However, it should be noted that freebooting is not a practice against which we are totally disarmedIn fact, there are some precautions that can be taken to protect yourself online.

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How to defend yourself against freebooting

What are the benefits that a freebooter gets? Likes, comments, shares, and new followers, taking advantage of the work of others and the speed of diffusion of videos on Facebook. Apparently, someone has built their online presence solely through freebooting, gaining a significant following and monetizing thanks to it. But what are the legal responsibilities whose practice it?

The looter can be prosecuted for copyright infringement, a juridical institute that defends the so-called “works of genius”. Remember that…before downloading photos from Google or other sites to do online marketing!

There is one however: before having the ownership of content recognized (through a lawyer or the procedures offered by the various platforms), freebooting will have already taken away several views and, at the same time, the well-deserved income for your work. It is better to start protecting yourself by adopting preventive methods.

defend yourself against others

Watermark against freebooters

A method for “signing” your content can be represented by the affixing of a watermark. It’s practically one electronic watermark that, if inserted into a multimedia file, gives an idea of who is the rightful owner of the same.

Some freebooters try to exonerate themselves from their misdeeds by quoting the author of the content in the comments or in the description of the video re-upload, however, this remains a clumsy and in any case unethical attempt, because the users who have viewed it are unlikely to be interested in its real maker.

That’s why I recommend the watermark…but be careful: those who are addicted to freebooting and have made it a lifestyle could find a way to remove it.

YouTube watermarks

AlsoYouTube, the content platform most prone to freebooting, could not fail to offer help to its content creators. As? Giving the possibility to add a branding watermark to multimedia files directly from the settings, within the channel.

In the “Branding” section of your channel, you can add an image of at least 150×150 pixels and a maximum weight of 1 MB: this will be your watermark that you can show for the entire duration of the content, only at the end or at a moment specified by you.

The watermark is also clickable so that through it a user can subscribe to your channel. For more specific information, YouTube Help offers a short tutorial to help you out.

YouTube Content ID

There is another weapon that the video platform owned by Google uses to defend the copyright of its subscribers: its calledContent IDWe can define this system as a “Copyright detector”, more specifically for audio tracks, because it examines all content looking for videos that contain copyrighted music.

A user uploads a digital file that contains a song you own. Content ID finds it and notifies you. At this point, the rights owner has three options:

  • Insert an advertisement within the video and monetize;
  • leave the video but have the Ad removed which makes those who copied the content earn money;
  • have the video removed.

YouTube only admits copyright holders who meet “specific criteria” into Content ID, so, if you want to join, check here if you meet all the requirements and fill out the form that is proposed to you.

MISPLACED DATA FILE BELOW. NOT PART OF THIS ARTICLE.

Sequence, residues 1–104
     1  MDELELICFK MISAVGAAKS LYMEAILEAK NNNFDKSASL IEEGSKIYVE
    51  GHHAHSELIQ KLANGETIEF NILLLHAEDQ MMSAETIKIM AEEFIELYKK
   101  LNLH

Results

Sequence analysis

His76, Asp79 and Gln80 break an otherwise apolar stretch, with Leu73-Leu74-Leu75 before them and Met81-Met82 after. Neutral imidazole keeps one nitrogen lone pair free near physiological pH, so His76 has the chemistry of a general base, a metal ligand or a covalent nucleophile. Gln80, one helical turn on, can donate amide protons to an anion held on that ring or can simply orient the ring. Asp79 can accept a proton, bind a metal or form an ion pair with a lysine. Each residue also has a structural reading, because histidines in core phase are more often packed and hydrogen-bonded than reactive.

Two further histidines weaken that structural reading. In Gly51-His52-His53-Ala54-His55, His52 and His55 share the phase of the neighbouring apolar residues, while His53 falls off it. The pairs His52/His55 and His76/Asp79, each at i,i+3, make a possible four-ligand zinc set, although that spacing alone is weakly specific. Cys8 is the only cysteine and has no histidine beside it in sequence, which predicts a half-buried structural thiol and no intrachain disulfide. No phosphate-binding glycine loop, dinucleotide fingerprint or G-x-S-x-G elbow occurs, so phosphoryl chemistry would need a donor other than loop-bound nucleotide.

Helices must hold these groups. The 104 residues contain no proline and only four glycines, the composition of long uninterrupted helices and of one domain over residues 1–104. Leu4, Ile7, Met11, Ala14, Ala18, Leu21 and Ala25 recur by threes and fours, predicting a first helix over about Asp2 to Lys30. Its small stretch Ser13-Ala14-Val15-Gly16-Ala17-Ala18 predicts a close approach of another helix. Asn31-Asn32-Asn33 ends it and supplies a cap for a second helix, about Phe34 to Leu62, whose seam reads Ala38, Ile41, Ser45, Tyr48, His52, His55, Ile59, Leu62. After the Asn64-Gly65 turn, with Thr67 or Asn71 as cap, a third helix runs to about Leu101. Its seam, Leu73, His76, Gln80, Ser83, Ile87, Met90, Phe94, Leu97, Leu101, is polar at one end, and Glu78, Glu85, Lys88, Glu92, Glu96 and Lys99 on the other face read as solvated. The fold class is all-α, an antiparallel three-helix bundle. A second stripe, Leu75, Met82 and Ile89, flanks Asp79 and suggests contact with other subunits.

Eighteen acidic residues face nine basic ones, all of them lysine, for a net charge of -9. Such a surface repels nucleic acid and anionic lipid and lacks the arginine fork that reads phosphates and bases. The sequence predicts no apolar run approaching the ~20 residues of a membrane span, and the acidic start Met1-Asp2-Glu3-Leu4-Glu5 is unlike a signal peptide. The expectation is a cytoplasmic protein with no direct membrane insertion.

Facebook against freebooting

What does the Menlo Park giant offer to protect yourself online from freebooting?

There is a section within the platform’s Help Center that deals in detail with the topic of intellectual property and copyright in defense of intellectual property. Here, a form is offered which you are invited to fill out in the event that your content has been copied.

It is suggested first of all to contact the freebooter with an email to resolve the inconvenience with the good and, in case of no response, to proceed with the compilation of the contact form made available by the social network. Finally, if the perpetrator does not cooperate, Facebook removes the video.

help center platform

In the meantime, however, the looted content has often already achieved the viral effect by generating views and other reactions, while the platform has already monetized through advertisements.

In this case, according to the YouTuber Destin Sandlin, it would be correct to define a system that allows the author of the content to monetize from the media file that has been stolen, and in this Facebook should be complicit with content creators who are continually freebooted.

Actually, Facebook is already testing this reward mechanism and, moreover, is studying new and more sophisticated control mechanisms. However, as the top management of the company declares, there is still a long way to go.

Final tips to defend against freebooting

There’s more bad news: as you may have already noticed, in the Facebook search bar it is not possible to search for a video, so finding your own stolen content is a completely fortuitous case. But there is someone who can come to the rescue of those who have been looted: the one who can help a content creator defend himself against freebooting is you!

As suggested by the YouTubers themselves who, better than anyone else, know what freebooting means, every time viewing stolen content, remember the “3C rule” (capture, comment, contact) and do these three things:

  • Take a screenshot of a video screen of the content to document the fact;
  • post a comment to the video, informing that it is a case of freebooting and pasting the link that refers to the original content;
  • contact the content creator, providing him with proof of the theft right away and the link to the stolen content. This is because only the owner of the original media file can contact Facebook support or take other legal action.

I hope I have provided you with all the information on freebooting and, in case you are a content creator, have given you some tips on how to protect yourself online. Good job and…watch out for freebooters!